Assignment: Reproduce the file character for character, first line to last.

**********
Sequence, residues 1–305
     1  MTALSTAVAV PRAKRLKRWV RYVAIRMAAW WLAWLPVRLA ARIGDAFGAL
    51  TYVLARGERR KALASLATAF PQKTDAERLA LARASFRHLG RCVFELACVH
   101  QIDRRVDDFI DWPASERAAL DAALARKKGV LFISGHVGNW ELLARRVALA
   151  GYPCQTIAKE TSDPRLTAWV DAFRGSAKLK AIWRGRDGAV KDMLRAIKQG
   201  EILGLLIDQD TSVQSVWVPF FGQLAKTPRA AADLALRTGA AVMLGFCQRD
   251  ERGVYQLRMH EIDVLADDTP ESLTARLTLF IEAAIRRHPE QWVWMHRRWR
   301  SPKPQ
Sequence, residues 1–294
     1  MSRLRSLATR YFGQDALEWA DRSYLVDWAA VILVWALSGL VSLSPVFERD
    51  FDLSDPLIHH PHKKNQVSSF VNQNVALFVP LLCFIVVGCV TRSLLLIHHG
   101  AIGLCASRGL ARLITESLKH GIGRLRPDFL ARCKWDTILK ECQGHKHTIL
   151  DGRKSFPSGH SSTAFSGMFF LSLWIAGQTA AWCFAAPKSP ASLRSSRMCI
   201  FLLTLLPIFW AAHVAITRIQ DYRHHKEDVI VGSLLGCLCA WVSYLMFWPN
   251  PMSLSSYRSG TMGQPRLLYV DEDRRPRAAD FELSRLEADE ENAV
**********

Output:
Sequence, residues 1–305
     1  MTALSTAVAV PRAKRLKRWV RYVAIRMAAW WLAWLPVRLA ARIGDAFGAL
    51  TYVLARGERR KALASLATAF PQKTDAERLA LARASFRHLG RCVFELACVH
   101  QIDRRVDDFI DWPASERAAL DAALARKKGV LFISGHVGNW ELLARRVALA
   151  GYPCQTIAKE TSDPRLTAWV DAFRGSAKLK AIWRGRDGAV KDMLRAIKQG
   201  EILGLLIDQD TSVQSVWVPF FGQLAKTPRA AADLALRTGA AVMLGFCQRD
   251  ERGVYQLRMH EIDVLADDTP ESLTARLTLF IEAAIRRHPE QWVWMHRRWR
   301  SPKPQ
Sequence, residues 1–294
     1  MSRLRSLATR YFGQDALEWA DRSYLVDWAA VILVWALSGL VSLSPVFERD
    51  FDLSDPLIHH PHKKNQVSSF VNQNVALFVP LLCFIVVGCV TRSLLLIHHG
   101  AIGLCASRGL ARLITESLKH GIGRLRPDFL ARCKWDTILK ECQGHKHTIL
   151  DGRKSFPSGH SSTAFSGMFF LSLWIAGQTA AWCFAAPKSP ASLRSSRMCI
   201  FLLTLLPIFW AAHVAITRIQ DYRHHKEDVI VGSLLGCLCA WVSYLMFWPN
   251  PMSLSSYRSG TMGQPRLLYV DEDRRPRAAD FELSRLEADE ENAV